Efficacy and Safety of Anakinra Plus Standard of Care for Patients With Severe COVID-19: A Randomized Phase 2/3 Clinical Trial
Importance COVID-19 pneumonia is often associated with hyperinflammation. The efficacy and safety of anakinra in treating patients with severe COVID-19 pneumonia and hyperinflammation are still unclear. Objective To assess the efficacy and safety of anakinra vs standard of care alone for patients with severe COVID-19 pneumonia and hyperinflammation. Design, Setting, and Participants The Clinical Trial of the Use of Anakinra in Cytokine Storm Syndrome Secondary to COVID-19 (ANA-COVID-GEAS) was a multicenter, randomized, open-label, 2-group, phase 2/3 clinical trial conducted at 12 hospitals in Spain between May 8, 2020, and March 1, 2021, with a follow-up of 1 month. Participants were adult patients with severe COVID-19 pneumonia and hyperinflammation. Hyperinflammation was defined as interleukin-6 greater than 40 pg/mL, ferritin greater than 500 ng/mL, C-reactive protein greater than 3 mg/dL (rationale, ≥5 upper normal limit), and/or lactate dehydrogenase greater than 300 U/L. Severe pneumonia was considered if at least 1 of the following conditions was met: ambient air oxygen saturation 94% or less measured with a pulse oximeter, ratio of partial pressure O2 to fraction of inspired O2 of 300 or less, and/or a ratio of O2 saturation measured with pulse oximeter to fraction of inspired O2 of 350 or less. Data analysis was performed from April to October 2021. Interventions Usual standard of care plus anakinra (anakinra group) or usual standard of care alone (SoC group). Anakinra was given at a dose of 100 mg 4 times a day intravenously. Main Outcomes and Measures The primary outcome was the proportion of patients not requiring mechanical ventilation up to 15 days after treatment initiation, assessed on an intention-to-treat basis. Results A total of 179 patients (123 men [69.9%]; mean [SD] age, 60.5 [11.5] years) were randomly assigned to the anakinra group (92 patients) or to the SoC group (87 patients). The proportion of patients not requiring mechanical ventilation up to day 15 was not significantly different between groups (64 of 83 patients [77.1%] in the anakinra group vs 67 of 78 patients [85.9%] in the SoC group; risk ratio [RR], 0.90; 95% CI, 0.77-1.04; P = .16). Anakinra did not result in any difference in time to mechanical ventilation (hazard ratio, 1.72; 95% CI, 0.82-3.62; P = .14). There was no significant difference between groups in the proportion of patients not requiring invasive mechanical ventilation up to day 15 (RR, 0.99; 95% CI, 0.88-1.11; P > .99). Conclusions and Relevance In this randomized clinical trial, anakinra did not prevent the need for mechanical ventilation or reduce mortality risk compared with standard of care alone among hospitalized patients with severe COVID-19 pneumonia.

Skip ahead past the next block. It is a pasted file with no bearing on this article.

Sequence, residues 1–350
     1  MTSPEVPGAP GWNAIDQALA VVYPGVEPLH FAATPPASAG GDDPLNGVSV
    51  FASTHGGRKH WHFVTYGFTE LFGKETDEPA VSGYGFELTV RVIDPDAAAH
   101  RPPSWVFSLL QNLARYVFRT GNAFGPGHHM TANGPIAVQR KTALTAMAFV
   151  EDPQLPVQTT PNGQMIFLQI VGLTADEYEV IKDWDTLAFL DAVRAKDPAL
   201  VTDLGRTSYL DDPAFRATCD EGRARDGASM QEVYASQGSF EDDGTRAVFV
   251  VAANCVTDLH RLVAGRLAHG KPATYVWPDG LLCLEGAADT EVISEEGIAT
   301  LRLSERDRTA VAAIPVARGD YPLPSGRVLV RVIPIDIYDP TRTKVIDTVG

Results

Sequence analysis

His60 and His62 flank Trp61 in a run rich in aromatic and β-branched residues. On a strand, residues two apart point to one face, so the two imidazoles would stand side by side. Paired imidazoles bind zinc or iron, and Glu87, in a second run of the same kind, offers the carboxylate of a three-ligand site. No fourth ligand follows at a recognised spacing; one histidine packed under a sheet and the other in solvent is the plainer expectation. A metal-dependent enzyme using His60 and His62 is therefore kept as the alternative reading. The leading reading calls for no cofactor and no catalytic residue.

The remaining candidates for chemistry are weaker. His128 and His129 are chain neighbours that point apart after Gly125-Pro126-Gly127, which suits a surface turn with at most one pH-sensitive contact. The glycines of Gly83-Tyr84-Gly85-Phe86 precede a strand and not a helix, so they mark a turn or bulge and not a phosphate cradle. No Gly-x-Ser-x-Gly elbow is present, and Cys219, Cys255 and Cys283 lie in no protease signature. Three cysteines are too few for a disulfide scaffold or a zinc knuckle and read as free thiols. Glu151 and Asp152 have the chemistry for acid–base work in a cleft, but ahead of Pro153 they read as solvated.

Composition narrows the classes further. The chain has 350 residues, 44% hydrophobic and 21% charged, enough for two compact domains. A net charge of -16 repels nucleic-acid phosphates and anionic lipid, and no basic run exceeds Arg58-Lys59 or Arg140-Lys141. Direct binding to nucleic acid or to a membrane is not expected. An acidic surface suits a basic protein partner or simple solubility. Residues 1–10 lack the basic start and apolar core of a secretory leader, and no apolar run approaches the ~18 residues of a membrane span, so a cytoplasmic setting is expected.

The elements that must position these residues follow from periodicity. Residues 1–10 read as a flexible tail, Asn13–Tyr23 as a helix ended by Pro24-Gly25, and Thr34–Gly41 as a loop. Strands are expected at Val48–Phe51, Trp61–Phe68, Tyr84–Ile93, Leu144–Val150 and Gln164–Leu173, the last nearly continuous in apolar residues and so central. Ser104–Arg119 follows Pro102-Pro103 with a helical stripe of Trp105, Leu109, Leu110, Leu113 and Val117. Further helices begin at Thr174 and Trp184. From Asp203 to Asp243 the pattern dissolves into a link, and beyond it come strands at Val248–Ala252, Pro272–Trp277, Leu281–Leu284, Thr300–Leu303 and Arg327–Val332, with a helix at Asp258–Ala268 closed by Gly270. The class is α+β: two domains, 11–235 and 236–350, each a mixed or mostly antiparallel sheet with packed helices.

Efficacy; Safety; COVID-19
Fanlo P, Gracia-Tello BDC, Fonseca Aizpuru E, Álvarez-Troncoso J, Gonzalez A, Prieto-González S, et al. Efficacy and Safety of Anakinra Plus Standard of Care for Patients With Severe COVID-19: A Randomized Phase 2/3 Clinical Trial. JAMA Netw Open. 2023 Apr 3;6(4):e237243.
Use this identifier for quote and/or link this documenthttps://hdl.handle.net/11351/9803
The following license files are associated with this item: